By Dorney, Kate; Gray, Frances; Griffiths, Richard
Released in collaboration with the Victoria & Albert Musuem, performed in Britain: smooth Theatre in a hundred performs explores the simplest and so much influential performs from 1945 thus far. totally illustrated with images from the V&A's collections and that includes a foreword by means of Richard Griffiths O.B.E., the publication offers a luxurious deal with for theatre-lovers. It was once presented the 2014 David Bradby Award for examine via the Theatre and function learn organization.
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Additional info for Played in Britain : Modern Theatre in 100 Plays
In the club, the Bohemian flotsam and jetsam keep reality at bay by drinking, flirting and fantasising about fame and fortune. Manageress Christine is a self-pitying and lonely alcoholic. Members include Hugh Marriner, a writer claiming to be blocked after a damning review, Siegfried Shrager, a refugee and suspected black marketeer and his glamorous companion, Elizabeth. The play is dominated by Christine’s attempts to seduce an American serviceman, Butch. Act One ends as Hugh confronts the reviewer and Elizabeth refuses to hear about the fate of a friend liberated from a German camp.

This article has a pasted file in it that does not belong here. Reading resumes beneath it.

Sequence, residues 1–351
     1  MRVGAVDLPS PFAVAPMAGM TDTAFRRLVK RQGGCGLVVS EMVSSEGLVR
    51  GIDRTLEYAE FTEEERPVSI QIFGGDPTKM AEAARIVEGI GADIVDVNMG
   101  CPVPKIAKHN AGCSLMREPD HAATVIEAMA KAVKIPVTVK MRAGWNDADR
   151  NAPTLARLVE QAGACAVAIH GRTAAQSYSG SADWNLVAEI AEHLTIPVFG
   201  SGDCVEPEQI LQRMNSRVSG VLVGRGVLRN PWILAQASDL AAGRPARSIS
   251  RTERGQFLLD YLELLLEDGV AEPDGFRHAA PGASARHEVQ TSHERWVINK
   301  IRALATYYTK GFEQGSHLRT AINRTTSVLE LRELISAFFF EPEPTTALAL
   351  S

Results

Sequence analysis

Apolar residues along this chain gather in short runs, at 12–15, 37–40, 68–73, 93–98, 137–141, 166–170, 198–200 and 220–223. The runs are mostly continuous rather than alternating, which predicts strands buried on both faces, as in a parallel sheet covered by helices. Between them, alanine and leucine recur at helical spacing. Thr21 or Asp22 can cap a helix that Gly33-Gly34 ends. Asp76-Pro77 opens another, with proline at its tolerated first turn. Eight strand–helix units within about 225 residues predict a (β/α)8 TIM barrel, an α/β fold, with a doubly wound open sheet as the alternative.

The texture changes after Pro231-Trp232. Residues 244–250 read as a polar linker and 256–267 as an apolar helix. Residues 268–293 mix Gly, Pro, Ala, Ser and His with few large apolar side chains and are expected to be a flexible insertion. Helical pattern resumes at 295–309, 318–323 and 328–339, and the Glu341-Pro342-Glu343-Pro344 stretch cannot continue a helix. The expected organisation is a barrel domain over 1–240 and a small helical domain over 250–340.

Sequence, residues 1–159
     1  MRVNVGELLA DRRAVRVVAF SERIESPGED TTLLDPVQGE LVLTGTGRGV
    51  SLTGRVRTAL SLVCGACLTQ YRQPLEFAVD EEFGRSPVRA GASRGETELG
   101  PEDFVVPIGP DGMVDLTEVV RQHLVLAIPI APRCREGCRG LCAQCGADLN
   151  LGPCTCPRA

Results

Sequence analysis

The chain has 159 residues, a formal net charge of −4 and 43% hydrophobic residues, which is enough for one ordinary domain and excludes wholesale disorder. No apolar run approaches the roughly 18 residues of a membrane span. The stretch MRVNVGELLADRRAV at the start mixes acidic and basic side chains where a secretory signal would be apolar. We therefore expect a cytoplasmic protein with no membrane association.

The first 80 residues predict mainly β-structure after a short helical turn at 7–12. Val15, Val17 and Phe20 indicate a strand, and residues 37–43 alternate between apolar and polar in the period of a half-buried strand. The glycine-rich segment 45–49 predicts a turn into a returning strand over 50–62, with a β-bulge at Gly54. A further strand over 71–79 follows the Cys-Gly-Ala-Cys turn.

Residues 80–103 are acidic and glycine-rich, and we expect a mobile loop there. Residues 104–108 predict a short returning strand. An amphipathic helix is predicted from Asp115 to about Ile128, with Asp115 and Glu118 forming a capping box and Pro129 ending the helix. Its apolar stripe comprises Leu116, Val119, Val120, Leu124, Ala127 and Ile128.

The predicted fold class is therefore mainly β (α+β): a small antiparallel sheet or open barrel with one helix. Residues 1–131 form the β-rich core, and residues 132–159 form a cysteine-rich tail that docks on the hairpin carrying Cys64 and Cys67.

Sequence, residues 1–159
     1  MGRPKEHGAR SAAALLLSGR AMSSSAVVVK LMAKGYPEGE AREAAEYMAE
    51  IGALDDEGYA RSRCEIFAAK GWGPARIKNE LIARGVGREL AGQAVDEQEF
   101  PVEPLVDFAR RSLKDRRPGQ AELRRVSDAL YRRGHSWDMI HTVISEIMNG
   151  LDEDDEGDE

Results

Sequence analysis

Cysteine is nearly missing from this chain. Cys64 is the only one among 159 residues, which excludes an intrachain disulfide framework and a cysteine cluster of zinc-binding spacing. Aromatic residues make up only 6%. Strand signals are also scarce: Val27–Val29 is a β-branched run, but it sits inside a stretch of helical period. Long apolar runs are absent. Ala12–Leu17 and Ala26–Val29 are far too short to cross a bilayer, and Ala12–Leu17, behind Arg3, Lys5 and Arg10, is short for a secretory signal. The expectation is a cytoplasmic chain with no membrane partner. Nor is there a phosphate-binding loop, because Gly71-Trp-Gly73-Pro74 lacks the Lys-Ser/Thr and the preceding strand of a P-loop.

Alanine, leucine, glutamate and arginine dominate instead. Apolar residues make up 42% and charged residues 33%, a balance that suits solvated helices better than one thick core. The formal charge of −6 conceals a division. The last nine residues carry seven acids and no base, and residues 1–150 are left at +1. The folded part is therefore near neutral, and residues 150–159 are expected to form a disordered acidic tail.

Translated into English and first performed in the UK at the Theatre Royal Stratford East, London, 14 October 1958. SNAPSHOT The Hostage mixes farce and political cabaret with a naturalistically treated love story. In Belfast, an eighteen-year-old boy waits in jail to be hanged for killing a policeman; the IRA takes a hostage, a young English soldier called Leslie, threatening to kill him if the sentence is carried out. They hide Leslie in the last place they think anyone will look – a Dublin brothel owned by an ancient rebel and run by his one-legged sidekick.
Roger Mayne, Photographer a The play won third prize in the 1956 Observer competition for new playwrights, but the production at the Royal Court ran for only fourteen performances. Many reviews seemed to miss the point – The Times oddly remarking that Jellicoe ‘appears to see life in a series of newspaper clichés’. It was, however, unmistakably a pioneering work. Jellicoe was not only the first woman in a predominantly male generation of playwrights, but also radically anti-naturalistic in style.